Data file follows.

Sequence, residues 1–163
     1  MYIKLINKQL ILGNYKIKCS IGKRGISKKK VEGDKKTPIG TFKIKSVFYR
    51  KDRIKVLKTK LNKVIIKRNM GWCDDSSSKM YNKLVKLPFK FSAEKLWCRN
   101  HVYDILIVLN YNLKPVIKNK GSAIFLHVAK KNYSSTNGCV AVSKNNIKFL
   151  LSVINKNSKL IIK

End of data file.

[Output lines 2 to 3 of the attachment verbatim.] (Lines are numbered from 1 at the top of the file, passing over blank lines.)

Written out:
     1  MYIKLINKQL ILGNYKIKCS IGKRGISKKK VEGDKKTPIG TFKIKSVFYR
    51  KDRIKVLKTK LNKVIIKRNM GWCDDSSSKM YNKLVKLPFK FSAEKLWCRN